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    Tuscan Chicken & Vegetable Stew

    I have to say from the outset that there is a lot of chopping going on here. A LOT. It was one of the things that almost kept me from trying this recipe.

    You read – I’ll chop …

    My new dear friend, mentor and cruise ship guru, Chloe, was making this one day while we were working at her home. (CHOP, CHOP, CHOP) Her house was filled with the most wonderful aromas. She assured me that this recipe was easy  … especially if you buy a rotisserie chicken. She gave me the recipe and looking at it, I still wasn’t sold. CHOP, CHOP

    Chop this. Chop that. Chop that other thing. Oh, yeah, and chop that thing over there, as well. And not just the Swedish Chef inspired chopping that I usually do … chopping so things are the same size. UGH! Not my forte.

    The next day, while we were working (yes, I spent a tremendous amount of time at her house), we sat and had this stew for lunch. Well, hush my mouth and pass my chopping knife! You could have added 7 more ingredients to this and I would have chopped away. (Well, not really)

    Chop … chop … chop …

    I acquiesced and tried it at home. This makes a HUGE pot of stew – which is good when you hate chopping neatly as much as I do. The Dear one and I had this for dinner one night and had 3 containers for the freezer. Some toasted bread and a green salad and you’re set on a chilly evening.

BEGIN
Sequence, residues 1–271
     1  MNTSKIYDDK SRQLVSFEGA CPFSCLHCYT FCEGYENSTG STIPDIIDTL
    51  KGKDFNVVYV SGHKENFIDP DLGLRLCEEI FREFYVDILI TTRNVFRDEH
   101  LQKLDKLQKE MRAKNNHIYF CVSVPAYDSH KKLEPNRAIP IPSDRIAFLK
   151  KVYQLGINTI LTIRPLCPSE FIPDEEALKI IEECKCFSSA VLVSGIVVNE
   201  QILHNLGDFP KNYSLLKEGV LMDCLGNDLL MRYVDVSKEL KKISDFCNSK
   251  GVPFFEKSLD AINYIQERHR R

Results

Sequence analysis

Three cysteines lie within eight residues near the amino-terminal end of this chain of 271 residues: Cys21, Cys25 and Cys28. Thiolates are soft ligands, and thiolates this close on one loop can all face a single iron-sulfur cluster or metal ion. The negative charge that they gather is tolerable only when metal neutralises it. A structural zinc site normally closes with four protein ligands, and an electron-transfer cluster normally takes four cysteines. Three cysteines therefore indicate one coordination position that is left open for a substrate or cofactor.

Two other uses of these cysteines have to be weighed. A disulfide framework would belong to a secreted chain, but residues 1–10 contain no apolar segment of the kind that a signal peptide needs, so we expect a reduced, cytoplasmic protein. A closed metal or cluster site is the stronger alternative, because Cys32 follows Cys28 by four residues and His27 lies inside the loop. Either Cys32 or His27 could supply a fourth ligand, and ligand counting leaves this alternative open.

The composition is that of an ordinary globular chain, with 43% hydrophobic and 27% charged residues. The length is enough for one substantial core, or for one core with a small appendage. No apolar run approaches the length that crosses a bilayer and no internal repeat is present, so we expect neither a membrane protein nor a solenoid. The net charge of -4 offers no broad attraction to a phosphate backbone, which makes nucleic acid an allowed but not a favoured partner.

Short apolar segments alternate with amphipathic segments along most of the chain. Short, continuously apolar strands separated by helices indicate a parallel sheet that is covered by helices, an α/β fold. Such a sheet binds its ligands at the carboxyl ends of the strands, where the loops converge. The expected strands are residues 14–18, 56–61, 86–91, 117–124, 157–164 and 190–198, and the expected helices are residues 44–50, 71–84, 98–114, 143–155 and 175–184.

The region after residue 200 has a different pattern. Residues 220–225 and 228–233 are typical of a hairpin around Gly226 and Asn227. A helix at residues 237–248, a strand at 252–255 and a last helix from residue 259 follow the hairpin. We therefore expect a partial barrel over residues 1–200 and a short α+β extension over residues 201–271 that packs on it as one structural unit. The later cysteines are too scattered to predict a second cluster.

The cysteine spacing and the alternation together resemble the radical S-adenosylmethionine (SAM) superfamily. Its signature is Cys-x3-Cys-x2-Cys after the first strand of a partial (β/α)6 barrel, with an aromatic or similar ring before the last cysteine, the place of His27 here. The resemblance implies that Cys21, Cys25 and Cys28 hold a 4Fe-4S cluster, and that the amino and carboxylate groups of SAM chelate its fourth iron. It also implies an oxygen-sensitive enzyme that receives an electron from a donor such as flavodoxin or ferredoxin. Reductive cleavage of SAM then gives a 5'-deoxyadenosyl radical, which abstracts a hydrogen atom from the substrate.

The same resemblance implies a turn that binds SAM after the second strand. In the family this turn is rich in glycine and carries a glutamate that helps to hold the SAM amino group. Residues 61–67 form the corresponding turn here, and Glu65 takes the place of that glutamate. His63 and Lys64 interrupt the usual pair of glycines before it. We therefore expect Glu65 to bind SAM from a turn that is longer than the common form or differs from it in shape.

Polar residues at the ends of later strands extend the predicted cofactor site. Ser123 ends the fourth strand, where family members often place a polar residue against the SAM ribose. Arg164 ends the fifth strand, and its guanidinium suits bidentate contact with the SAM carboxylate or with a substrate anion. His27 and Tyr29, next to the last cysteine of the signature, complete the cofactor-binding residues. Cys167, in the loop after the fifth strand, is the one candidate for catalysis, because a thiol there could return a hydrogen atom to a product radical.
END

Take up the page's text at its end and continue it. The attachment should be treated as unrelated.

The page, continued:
So, Chloe … I went on an interview for a job as a tour guide. I was very content to sit on a tour bus with cruise ship passengers riding around Acadia National Park and Mount Desert Island. Tour over, passengers leave, count your tips, done. Chloe and I hit it off instantly. You know, that rare, kindred spirit vibe you find only a few times in your life, if you’re lucky. During this interview, Chloe mentioned that she wanted to retire after the 2017 season. The next thing I knew – and I’m not quite sure what she saw in me, maybe it was my silliness in actually being willing to take the job – she was training me to take over her job when she retired. (chop, chop, chop)

    It was terrifying at first. So much information. So many moving parts. I would sit next to her, day after day, in utter awe at all the information in her head. Her ease with the most difficult people (myself included) was grace personified. Her innate ability to take the most difficult of scenarios, turn it around and make it seem like there was never an issue.

    I am sure many people who began the conversation all fired up had no idea how she managed turn the situation around, or perhaps didn’t even notice that the situation was turned around. She calls this the “please, pass the butter” voice. (I’m still working on that.) It was inspiring.